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Gains in Patient Activation (PAM) Scores at 12 Months

The Patient Activation Measure® (PAM®) is a 10 or 13 item questionnaire that assesses an individual´s knowledge, skill and confidence for managing their health and health care. The measure assesses individuals on a 0-100 scale. There are 4 levels of activation, from low (1) to high (4). The measure is not disease specific, but has been successfully used with a wide variety of chronic conditions, as well as with people with no conditions. The performance score would be the change in score from the baseline measurement to follow-up measurement, or the change in activation score over time for the eligible patients associated with the accountable unit. The outcome of interest is the patient’s ability to self-manage. High quality care should result in gains in ability to selfmanage for most chronic disease patients. The outcome measured is a change in activation over time. The change score would indicate a change in the patient´s knowledge, skills, and confidence for selfmanagement. A positive change would mean the patient is gaining in their ability to manage their health.

A “passing” score for eligible patients would be to show an average net 3-point PAM score increase in a 6-12 month period. An “excellent” score for eligible patients would be to show an average net 6-point PAM score increase in a 6-12 month period. An “excellent” score would be for eligible patients to show an average of a 6-point PAM score increase in a 6-12 month period.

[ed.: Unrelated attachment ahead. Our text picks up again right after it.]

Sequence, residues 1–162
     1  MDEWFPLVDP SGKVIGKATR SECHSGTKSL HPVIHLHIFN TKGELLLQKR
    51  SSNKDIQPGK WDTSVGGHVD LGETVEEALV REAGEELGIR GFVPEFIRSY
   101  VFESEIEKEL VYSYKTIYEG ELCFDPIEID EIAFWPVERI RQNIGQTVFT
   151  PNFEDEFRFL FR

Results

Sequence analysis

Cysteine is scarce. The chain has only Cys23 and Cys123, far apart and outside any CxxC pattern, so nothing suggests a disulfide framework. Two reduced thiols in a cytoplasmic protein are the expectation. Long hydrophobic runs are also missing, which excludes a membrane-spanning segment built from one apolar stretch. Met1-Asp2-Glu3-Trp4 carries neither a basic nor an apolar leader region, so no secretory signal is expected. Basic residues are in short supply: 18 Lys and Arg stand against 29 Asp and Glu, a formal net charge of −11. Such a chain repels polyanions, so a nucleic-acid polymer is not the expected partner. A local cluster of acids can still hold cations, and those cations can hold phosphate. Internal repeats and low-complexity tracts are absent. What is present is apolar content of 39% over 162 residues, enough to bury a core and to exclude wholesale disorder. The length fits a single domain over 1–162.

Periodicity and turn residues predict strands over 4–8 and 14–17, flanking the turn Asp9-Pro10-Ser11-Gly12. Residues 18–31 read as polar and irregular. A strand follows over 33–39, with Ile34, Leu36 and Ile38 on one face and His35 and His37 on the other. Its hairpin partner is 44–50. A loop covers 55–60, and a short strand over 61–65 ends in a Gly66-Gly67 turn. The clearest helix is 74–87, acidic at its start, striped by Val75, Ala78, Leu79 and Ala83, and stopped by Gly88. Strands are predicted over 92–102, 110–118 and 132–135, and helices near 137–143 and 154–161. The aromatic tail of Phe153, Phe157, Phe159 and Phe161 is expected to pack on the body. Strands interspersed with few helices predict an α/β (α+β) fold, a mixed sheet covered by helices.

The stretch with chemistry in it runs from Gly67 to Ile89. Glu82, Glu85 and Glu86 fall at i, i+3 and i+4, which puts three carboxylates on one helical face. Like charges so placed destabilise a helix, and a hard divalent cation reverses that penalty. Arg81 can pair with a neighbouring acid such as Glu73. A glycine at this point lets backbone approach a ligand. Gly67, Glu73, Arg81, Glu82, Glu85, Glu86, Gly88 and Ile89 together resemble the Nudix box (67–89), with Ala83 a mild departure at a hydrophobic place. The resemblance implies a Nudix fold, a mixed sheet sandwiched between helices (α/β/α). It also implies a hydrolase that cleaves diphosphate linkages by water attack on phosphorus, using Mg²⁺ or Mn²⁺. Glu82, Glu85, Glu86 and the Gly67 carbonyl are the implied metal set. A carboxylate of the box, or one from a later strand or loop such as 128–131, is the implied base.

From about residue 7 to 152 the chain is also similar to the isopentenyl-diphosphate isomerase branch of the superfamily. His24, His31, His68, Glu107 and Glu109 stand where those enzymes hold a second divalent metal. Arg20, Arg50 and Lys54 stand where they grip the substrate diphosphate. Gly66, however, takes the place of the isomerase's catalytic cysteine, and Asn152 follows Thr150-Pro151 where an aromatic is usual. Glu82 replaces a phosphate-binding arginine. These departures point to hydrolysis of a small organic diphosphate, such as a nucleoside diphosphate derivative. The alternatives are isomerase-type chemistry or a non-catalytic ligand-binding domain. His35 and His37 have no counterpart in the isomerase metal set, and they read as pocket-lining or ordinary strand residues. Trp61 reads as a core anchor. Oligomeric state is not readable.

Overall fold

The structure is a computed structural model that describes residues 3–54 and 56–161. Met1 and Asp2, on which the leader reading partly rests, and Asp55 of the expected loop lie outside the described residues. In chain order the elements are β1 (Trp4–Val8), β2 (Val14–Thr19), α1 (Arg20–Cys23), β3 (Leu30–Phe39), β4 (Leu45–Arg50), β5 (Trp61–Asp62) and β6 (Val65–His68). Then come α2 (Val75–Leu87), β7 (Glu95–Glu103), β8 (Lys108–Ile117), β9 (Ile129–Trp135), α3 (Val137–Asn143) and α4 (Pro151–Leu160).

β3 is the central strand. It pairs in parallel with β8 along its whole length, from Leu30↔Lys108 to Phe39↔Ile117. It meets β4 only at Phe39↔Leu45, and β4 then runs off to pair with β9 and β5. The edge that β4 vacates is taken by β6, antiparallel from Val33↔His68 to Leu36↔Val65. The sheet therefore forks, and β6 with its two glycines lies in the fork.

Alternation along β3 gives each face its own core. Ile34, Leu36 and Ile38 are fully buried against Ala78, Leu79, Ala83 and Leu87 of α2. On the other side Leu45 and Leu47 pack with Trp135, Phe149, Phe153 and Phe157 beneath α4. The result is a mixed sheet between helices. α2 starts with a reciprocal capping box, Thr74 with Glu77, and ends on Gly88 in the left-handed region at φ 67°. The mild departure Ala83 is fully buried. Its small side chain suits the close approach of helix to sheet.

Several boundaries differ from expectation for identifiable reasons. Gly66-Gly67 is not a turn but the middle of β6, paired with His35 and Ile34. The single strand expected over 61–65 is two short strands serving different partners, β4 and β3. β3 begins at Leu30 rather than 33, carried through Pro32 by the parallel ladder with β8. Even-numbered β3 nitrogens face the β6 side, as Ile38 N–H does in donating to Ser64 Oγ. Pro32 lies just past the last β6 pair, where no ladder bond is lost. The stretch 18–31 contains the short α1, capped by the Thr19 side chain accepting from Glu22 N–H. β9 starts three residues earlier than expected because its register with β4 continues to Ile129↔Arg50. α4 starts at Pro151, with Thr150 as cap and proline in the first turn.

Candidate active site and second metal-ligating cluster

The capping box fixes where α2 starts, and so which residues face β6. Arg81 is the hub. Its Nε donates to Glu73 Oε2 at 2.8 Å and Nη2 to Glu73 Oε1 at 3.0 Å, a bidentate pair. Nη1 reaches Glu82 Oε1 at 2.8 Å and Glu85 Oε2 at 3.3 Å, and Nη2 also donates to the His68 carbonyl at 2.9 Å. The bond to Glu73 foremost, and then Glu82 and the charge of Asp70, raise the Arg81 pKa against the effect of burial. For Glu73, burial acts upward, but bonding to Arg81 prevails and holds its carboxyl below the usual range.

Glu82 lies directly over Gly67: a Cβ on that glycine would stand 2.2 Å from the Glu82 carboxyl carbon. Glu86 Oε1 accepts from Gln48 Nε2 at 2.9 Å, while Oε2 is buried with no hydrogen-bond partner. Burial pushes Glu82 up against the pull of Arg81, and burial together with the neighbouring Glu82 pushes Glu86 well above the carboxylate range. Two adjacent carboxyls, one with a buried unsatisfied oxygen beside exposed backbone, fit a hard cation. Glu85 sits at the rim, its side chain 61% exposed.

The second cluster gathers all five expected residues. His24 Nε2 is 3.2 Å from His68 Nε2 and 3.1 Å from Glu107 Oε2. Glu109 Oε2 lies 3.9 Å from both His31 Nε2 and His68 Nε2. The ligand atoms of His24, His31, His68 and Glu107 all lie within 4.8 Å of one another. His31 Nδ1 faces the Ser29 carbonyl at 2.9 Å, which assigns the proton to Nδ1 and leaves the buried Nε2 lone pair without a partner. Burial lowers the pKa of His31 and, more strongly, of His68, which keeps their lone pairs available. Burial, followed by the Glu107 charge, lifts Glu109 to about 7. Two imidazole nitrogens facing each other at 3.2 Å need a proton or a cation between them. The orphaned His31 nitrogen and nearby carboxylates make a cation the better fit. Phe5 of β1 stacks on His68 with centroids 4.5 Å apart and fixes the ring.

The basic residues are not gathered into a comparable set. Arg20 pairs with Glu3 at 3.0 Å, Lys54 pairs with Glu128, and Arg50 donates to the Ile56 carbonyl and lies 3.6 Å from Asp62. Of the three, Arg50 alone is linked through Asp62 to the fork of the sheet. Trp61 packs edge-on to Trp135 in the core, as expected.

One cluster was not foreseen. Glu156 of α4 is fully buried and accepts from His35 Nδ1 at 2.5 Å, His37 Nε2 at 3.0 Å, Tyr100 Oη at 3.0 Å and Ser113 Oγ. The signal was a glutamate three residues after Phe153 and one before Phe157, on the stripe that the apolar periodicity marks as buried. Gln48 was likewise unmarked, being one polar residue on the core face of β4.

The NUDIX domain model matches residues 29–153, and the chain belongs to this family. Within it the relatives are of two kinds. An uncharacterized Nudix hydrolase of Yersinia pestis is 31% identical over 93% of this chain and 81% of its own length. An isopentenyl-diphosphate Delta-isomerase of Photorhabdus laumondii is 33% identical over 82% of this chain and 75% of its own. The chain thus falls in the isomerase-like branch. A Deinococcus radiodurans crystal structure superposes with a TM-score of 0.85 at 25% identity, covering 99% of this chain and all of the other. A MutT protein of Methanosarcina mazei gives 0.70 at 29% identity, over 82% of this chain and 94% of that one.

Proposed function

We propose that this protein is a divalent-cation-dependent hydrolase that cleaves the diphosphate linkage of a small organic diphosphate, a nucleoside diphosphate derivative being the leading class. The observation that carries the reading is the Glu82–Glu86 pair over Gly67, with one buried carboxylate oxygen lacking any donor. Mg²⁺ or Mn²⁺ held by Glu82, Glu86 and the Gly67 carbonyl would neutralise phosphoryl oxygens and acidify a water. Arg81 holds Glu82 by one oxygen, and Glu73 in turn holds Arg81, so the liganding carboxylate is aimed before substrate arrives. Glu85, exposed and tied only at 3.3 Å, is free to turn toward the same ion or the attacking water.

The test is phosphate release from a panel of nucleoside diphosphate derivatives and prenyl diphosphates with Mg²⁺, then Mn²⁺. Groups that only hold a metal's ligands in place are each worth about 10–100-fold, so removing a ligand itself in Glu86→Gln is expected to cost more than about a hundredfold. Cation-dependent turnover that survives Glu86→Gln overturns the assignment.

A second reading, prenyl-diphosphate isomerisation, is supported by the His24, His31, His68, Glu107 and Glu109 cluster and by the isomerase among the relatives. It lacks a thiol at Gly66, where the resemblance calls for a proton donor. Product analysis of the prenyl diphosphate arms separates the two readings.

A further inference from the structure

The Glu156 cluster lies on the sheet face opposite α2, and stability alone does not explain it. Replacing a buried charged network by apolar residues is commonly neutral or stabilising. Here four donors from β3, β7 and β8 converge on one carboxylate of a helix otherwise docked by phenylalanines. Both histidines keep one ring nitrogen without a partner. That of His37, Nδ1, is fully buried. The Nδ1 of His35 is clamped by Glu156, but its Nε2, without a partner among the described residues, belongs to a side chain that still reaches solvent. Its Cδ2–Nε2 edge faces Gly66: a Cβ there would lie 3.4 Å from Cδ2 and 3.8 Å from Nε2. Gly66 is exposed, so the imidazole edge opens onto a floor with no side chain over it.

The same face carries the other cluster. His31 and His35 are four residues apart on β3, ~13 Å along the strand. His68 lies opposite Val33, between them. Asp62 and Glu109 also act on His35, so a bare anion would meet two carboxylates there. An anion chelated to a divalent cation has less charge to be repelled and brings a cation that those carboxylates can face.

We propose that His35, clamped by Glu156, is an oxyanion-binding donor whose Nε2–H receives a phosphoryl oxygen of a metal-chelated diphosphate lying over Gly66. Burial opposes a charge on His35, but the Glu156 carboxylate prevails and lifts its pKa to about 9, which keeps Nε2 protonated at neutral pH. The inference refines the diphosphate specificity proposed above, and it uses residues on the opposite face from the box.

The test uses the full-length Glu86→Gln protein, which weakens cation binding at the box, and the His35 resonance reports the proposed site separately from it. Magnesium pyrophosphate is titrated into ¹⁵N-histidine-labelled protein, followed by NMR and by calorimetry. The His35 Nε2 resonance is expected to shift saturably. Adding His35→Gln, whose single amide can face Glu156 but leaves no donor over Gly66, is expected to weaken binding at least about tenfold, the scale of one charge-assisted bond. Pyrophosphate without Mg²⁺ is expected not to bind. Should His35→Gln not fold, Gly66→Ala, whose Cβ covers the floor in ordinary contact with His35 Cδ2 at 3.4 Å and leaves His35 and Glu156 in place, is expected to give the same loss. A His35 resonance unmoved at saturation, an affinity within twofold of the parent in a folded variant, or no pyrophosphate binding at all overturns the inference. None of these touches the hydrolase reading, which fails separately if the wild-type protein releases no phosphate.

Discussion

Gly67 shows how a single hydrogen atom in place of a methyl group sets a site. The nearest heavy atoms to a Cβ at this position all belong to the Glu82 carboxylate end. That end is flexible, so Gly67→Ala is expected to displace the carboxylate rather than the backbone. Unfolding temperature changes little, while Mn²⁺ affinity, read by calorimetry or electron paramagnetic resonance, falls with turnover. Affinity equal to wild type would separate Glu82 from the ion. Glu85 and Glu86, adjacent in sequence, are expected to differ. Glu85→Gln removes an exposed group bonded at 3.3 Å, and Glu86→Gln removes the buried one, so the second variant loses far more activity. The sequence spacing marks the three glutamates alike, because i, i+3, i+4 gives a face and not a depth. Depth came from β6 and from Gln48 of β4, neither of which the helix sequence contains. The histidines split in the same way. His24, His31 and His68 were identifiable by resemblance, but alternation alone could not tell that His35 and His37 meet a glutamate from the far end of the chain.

Date Reviewed: April 1, 2021

Measure Info

NQF 2483
Measure Type: 
Outcome
Measure Steward: 
Insignia Health
Clinical Topic Area: 
Patient Reported Experience

Care Setting: 
Home Care
Inpatient/Hospital
Outpatient Services
Post-Acute Care
Data Source: 
Instrument-Based Data
Other

ACP does not support NQF 2483 - "Gains in Patient Activation (PAM) Scores at 12 Months" for application at the actual/intended level of analysis: “Group/Practice” because of uncertain validity. There are a number of concerns about the broad applicability of the measure as well as the feasibility and implementation burden the measure would pose. The PMC describe some positives about the design of the measure including looking at a change score and excluding some patients.  However, PMC feels that the measure would be better if it applied to a narrower set of patients. Applying to all patients, the measure does not account for patient preference and the instances where a patient may not need activation such as a sore throat or a sprained ankle.  This can be burdensome to operationalize and would be very difficult to adopt into a practice that does not already have a robust system to support patient engagement, patient activation and a patient centered experience. It can be difficult for physicians to integrate this into their workflow.  In addition, the developers state that PAM scores are higher for people who have good to excellent health.  They also acknowledge lower scores for a vast majority of patients that make up an internists patient population (i.e., sicker patients, patients older than 75, the uninsured, Medicaid and Medicare patients). As a result, the performance scores would likely skew lower for internists.